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|Title:||ON THE EBB AND FLOW OF CONSCIOUS THOUGHT: A SERIES OF QUERIES ON THE WANDERING MIND|
|Authors:||Vinski, Melaina Taye|
|Abstract:||The study of the wandering mind offers a unique window into how, why and for whom the dominant control mechanisms within our brain tend to fail (or not to fail). Smallwood (2013) argues that understanding the answers to these particular questions remain the most important in mind wandering research. In the current dissertation, I explored the degree to which the emotional quality of the internal and external world shapes our conscious experience, and the control mechanisms that give us stability in focus in our daily lives. I argue that the vacillation between internal and external processing operates at the nexus of two primary theories: the resource control theory (Thomson et al., in press) and the current concerns theory (Klinger, 1971; 1999; 2009). While the former offers a framework for understanding how the mind may wander, the latter provides a framework to understand why and for whom. The result is the conceptualization of an executive control system that operates to coordinate the activation between various neural networks, which when activated, operate to distribute cognitive resources toward the information most relevant at that moment in time. Driven by the emotional quality of our internal state and contextual cues in our external environment, relevance is determined by our current concerns and most personal of goals. The experiments presented in the current dissertation provide some granularity to this theoretical integration.|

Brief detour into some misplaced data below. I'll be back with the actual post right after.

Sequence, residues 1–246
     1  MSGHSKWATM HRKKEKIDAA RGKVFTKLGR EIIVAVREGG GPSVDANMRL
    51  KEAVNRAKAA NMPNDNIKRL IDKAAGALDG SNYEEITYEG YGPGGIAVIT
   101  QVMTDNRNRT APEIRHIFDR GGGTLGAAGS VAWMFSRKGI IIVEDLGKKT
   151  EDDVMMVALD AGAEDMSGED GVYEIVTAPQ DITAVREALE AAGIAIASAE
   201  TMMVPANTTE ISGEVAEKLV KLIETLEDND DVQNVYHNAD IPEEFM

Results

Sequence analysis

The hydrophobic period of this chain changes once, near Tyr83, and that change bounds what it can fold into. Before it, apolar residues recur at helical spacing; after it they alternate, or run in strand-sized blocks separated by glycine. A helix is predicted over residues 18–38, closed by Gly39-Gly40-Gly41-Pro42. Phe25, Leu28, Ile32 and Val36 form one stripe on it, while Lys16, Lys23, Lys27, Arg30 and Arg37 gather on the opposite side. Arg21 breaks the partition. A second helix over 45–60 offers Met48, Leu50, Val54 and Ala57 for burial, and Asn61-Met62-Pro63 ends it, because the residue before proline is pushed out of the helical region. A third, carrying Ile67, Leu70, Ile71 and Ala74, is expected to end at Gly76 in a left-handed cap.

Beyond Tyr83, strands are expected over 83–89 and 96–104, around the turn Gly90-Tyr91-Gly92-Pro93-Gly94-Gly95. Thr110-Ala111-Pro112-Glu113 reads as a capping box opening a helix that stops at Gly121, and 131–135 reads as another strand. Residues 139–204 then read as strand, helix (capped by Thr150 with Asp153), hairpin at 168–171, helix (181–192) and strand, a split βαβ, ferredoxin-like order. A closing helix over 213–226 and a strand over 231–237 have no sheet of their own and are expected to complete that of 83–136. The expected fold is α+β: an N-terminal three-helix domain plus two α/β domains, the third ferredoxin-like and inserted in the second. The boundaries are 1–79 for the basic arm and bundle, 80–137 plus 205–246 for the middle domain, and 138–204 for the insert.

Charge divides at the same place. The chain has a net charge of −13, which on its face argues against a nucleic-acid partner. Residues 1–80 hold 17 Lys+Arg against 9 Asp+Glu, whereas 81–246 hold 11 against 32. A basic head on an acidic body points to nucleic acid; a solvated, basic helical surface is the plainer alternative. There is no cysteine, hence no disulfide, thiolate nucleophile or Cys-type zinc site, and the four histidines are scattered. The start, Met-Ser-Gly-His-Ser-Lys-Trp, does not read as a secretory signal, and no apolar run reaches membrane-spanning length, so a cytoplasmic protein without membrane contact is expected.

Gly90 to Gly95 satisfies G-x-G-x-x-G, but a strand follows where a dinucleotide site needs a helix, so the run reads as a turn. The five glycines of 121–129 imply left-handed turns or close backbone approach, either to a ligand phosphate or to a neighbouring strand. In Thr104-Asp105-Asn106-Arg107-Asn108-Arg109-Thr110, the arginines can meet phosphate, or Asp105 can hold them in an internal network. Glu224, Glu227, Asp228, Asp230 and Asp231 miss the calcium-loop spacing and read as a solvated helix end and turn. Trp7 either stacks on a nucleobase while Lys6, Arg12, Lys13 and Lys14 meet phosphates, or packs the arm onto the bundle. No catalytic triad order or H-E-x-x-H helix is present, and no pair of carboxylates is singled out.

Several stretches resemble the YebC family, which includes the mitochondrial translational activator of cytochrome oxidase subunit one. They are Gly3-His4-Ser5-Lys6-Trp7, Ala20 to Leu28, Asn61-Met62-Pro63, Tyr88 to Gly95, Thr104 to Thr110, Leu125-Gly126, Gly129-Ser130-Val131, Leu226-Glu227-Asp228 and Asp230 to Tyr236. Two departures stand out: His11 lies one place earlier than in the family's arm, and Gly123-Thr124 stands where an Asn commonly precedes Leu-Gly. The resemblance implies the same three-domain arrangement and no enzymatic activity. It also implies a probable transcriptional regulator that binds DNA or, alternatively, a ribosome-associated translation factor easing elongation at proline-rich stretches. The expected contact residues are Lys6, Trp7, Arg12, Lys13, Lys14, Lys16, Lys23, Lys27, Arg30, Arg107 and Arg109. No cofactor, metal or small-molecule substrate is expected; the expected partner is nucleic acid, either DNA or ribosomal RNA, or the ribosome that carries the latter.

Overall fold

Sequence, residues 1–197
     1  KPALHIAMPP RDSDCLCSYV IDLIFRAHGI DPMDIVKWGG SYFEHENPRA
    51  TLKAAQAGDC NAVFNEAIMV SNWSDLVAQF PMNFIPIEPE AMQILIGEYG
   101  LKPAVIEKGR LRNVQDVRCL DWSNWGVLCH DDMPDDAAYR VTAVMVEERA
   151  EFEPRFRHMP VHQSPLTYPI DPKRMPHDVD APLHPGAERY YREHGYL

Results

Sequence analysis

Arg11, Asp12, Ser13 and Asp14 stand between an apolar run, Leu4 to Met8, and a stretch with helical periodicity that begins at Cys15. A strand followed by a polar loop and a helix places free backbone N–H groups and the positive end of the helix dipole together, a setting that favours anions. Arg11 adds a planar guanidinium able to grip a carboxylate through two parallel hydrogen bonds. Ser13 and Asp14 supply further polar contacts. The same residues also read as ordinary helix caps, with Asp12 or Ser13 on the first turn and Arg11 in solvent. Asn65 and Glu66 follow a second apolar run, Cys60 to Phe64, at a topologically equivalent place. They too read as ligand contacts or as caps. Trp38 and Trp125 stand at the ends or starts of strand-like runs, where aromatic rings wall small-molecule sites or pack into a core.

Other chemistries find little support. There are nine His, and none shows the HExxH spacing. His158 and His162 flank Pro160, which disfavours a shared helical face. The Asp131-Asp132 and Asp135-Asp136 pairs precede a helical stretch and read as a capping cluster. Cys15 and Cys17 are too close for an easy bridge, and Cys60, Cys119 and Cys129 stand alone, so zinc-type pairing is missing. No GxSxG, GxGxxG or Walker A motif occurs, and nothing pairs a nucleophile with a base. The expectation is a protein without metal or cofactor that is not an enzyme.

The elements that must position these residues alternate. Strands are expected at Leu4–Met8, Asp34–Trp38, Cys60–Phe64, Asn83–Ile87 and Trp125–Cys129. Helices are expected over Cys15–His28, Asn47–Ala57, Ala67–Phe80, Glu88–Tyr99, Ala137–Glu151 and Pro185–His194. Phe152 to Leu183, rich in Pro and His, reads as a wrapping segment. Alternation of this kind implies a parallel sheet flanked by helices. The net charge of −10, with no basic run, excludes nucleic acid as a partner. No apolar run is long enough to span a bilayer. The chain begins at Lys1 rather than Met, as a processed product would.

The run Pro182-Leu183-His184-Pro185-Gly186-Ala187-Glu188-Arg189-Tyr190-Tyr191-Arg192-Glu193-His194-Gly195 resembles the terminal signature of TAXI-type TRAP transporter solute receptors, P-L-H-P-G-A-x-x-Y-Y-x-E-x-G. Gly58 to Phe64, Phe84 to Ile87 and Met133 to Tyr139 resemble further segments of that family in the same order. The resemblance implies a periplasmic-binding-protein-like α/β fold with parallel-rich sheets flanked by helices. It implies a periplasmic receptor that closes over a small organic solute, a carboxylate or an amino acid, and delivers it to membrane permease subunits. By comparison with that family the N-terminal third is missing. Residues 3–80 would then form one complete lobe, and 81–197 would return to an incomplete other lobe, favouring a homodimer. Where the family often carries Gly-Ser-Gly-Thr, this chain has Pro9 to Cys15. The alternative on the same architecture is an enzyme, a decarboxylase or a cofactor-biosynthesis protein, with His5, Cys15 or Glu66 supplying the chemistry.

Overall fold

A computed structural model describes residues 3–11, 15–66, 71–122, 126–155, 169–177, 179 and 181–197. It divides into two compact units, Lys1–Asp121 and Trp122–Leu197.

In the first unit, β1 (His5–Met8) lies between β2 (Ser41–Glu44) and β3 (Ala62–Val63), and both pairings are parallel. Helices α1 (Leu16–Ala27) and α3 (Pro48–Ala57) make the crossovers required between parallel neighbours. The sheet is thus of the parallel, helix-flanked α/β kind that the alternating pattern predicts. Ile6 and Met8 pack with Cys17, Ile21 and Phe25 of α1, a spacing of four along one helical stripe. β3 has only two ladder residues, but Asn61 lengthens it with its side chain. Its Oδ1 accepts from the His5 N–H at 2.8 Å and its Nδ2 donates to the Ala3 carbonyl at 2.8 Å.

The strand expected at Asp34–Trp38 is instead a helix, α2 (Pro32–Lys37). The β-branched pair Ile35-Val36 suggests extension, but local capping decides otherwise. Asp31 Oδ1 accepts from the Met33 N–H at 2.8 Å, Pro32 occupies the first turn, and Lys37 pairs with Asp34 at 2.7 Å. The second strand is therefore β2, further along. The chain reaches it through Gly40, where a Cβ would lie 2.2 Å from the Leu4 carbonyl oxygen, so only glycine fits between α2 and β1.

|Appears in Collections:||Open Access Dissertations and Theses|
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|Dissertaton - Final Submission.pdf||Melaina Vinski - Dissertation||1.45 MB||Adobe PDF||View/Open|
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